I am new to SPR but recently i have ran some SPR experiments with antibody as analyte. The sensorgrams are looking fine but i dont understand why the dissociation profiles are all the same with all concentrations. so can anyone help me to explain what i am actually seeing here.
The first thing that you can see in the dissociation that it is a little biphasic. Just after the analyte injection end, there is a faster dissociation and then the dissociation levels off (almost stops).
Since the dissociation rate is very low (< 1.0 e-5 s-1) all the lines seem to run parallel. With a dissociation rate of 1.0 e-5 s-1 the complex half-life is more than 19 hours. In this case I would choose for the ‘short & long’ injections (
The red curve looks a little odd because there seems to be some drift in the line and the curve seems to follow the light brown curve. Maybe there is a referencing problem?
The analyte concentrations range look well chosen because the curves are well spaced and the association seems to saturate the ligand. However, what is missing is a duplo to show that the system is reproducible.
All in all this looks a strong interaction (very low dissociation rate).
If possible you can try to make a new ligand surface with less ligand in order to try to lower the biphasic behaviour of the system. I would try to get a Rmax below 25 RU.
To show that the dissociation curves become almost parallel I simulated the kinetics and made an overlay over your data. To learn how to do that, please go to
Biphasic responses are said to consist of a strong and a weak interaction. At low analyte concentrations and low ligand densities the binding is close to a 1:1 interaction, but at higher analyte concentrations the analyte starts to bind to the weak interaction sites giving rise to a biphasic curve. Because a biphasic response can be described equally well by different models (1), it is virtually impossible to solve the interaction mechanism by modelling alone. Instead of trying to fit biphasic curves, it is recommended to optimize the experimental parameters for the interaction by lowering both the functional ligand density and the analyte concentration. Potential sources of a biphasic interaction are the random immobilization of for instance the amine coupling, impure ligand or analyte. Therefore, check the ligand and analyte if both have a single band on a PAGE-gel. If possible, try a different immobilization technique to lower the random immobilization or reverse ligand and analyte on the sensor chip. In addition, use a ligand density that will give an analyte response close or below 100 RU.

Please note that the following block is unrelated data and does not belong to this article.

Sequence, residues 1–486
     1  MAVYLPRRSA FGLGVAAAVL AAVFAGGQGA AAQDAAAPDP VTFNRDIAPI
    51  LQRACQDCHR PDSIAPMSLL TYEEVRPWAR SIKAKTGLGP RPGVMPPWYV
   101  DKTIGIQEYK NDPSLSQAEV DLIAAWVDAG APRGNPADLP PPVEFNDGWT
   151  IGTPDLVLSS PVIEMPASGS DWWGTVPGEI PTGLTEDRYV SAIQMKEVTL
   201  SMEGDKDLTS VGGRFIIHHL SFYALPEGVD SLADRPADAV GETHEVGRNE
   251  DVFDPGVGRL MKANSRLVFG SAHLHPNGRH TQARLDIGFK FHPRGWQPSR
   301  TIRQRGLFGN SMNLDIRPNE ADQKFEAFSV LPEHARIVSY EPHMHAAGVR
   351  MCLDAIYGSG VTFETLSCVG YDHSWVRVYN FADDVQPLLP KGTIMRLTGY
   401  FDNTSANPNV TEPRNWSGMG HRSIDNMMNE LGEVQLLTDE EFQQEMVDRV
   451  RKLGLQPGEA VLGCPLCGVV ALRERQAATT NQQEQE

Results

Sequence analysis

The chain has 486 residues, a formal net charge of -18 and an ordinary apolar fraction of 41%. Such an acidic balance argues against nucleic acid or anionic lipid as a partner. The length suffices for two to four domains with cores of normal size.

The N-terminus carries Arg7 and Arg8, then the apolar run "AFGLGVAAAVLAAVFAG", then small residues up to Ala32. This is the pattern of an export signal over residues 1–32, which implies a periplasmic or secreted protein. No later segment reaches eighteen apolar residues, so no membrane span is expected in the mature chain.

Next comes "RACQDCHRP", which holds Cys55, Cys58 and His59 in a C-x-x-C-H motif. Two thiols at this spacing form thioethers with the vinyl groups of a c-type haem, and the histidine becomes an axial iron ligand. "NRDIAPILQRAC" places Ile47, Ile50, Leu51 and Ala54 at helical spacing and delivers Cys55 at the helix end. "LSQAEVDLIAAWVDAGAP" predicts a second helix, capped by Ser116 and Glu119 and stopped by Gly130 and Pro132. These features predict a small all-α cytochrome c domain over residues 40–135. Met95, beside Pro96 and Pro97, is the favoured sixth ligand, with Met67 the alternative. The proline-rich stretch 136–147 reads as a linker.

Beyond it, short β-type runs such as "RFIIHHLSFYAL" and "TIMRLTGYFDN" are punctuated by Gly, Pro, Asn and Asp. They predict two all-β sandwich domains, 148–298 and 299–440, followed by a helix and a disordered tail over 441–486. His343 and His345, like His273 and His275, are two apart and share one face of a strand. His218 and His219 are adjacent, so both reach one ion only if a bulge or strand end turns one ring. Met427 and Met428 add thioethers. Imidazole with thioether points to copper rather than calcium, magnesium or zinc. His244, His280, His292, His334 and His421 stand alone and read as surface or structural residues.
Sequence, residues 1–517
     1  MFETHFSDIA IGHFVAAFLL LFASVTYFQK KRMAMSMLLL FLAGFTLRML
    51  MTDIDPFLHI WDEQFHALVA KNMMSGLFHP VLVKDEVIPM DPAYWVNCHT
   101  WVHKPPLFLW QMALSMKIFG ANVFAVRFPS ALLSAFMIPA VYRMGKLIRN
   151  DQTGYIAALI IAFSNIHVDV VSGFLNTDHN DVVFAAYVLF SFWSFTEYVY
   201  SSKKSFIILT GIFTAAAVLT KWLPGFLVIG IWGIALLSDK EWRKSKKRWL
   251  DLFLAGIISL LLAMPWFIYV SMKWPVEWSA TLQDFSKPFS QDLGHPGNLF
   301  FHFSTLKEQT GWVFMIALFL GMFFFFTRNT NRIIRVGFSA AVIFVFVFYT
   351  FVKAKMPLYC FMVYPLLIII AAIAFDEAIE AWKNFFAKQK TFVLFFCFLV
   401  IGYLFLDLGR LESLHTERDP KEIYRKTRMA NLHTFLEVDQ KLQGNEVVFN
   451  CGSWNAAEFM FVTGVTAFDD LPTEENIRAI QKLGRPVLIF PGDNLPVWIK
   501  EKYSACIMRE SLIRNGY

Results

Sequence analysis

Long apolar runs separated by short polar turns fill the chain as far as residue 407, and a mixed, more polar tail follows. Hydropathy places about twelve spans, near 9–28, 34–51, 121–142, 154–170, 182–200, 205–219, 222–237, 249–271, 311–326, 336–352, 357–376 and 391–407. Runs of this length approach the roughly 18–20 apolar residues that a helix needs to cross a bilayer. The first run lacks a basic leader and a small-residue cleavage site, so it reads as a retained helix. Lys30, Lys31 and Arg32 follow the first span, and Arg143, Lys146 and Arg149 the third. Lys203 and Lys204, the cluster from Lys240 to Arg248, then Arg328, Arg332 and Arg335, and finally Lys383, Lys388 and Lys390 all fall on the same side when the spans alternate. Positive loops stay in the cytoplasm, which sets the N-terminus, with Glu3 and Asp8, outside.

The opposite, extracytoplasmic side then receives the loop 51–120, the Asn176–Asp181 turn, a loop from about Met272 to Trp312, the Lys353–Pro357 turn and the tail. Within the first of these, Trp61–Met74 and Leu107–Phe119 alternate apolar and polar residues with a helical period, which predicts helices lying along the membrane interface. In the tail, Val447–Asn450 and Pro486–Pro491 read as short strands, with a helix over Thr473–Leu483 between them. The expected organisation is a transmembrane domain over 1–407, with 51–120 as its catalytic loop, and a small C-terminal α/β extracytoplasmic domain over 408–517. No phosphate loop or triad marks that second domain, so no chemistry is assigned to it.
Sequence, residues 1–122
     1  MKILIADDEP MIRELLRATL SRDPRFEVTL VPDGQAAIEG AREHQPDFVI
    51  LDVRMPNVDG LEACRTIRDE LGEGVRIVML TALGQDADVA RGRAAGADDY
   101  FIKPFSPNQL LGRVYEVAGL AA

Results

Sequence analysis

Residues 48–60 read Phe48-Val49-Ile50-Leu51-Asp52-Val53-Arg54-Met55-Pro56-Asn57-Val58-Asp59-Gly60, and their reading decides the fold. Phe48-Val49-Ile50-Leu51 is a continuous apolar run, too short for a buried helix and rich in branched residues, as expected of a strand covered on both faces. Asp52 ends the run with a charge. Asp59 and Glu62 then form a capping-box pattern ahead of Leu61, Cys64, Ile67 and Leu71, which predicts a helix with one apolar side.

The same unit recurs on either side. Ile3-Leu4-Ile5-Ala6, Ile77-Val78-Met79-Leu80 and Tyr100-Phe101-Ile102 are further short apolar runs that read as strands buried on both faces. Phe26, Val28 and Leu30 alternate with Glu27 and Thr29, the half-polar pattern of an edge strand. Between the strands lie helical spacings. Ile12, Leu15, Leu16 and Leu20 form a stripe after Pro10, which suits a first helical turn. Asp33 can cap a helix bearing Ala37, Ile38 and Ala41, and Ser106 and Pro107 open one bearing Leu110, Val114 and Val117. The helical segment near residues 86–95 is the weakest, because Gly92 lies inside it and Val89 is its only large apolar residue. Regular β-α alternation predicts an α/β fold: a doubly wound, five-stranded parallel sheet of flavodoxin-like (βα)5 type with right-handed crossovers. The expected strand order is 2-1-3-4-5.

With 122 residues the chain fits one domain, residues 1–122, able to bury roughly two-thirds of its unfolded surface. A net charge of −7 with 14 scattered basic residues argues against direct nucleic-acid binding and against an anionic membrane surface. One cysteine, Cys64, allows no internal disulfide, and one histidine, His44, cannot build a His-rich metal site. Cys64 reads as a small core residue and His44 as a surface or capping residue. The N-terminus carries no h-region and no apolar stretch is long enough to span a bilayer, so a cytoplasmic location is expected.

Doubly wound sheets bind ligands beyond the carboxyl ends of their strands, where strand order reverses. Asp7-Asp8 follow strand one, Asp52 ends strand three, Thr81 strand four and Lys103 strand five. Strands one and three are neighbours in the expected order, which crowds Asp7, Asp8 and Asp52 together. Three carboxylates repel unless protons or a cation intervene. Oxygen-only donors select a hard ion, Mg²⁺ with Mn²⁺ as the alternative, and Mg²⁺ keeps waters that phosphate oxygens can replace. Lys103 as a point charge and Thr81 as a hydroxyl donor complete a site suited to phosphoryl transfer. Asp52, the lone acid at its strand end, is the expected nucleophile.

When using an antibody as analyte the kinetics follow a bivalent interaction since the antibody has two identical binding arms. Although the choice of the model follows from the nature of the analyte, the resulting values are difficult to interpret due to the nature of the interaction. Depending on the ligand density and analyte concentration one antibody can occupy one or two ligands.
The Biacore model for the bivalent interaction calculates two pairs of kinetic constants. The first pair gives the association and dissociation rate constants of the first binding and is interpreted as if there was a 1:1 interaction. With the second pair however, the association rate constant is expressed in RU-1s-1 meaning that there is dependency on the amount of bound antibody. This value is not easily converted to a ‘normal’ kinetic rate constant.
There a several attempt made to model bivalent and biphasic interactions (2-4) but without extensive experiments it is very difficult to get meaningful kinetic values for both interactions.
1. Rich, R. L. and Myszka, D. G.; Survey of the year 2007 commercial optical biosensor literature. J.Mol.Recognit. (21) 6: 355-400; 2008.
2. Tiwari, P. B., Üren, A., He, J., et al.; Note: Model identification and analysis of bivalent analyte surface plasmon resonance data. Review of Scientific Instruments (86) 10: 106107; 2015.
3. Tiwari, P. B., Wang, X., He, J., et al.; Analyzing surface plasmon resonance data: Choosing a correct biphasic model for interpretation. Review of Scientific Instruments (86) 3: 035001; 2015.
4. Vauquelin, G. and Charlton, S. J.; Exploring avidity: understanding the potential gains in functional affinity and target residence time of bivalent and heterobivalent ligands. British Journal of Pharmacology n/a-n/a; 2013.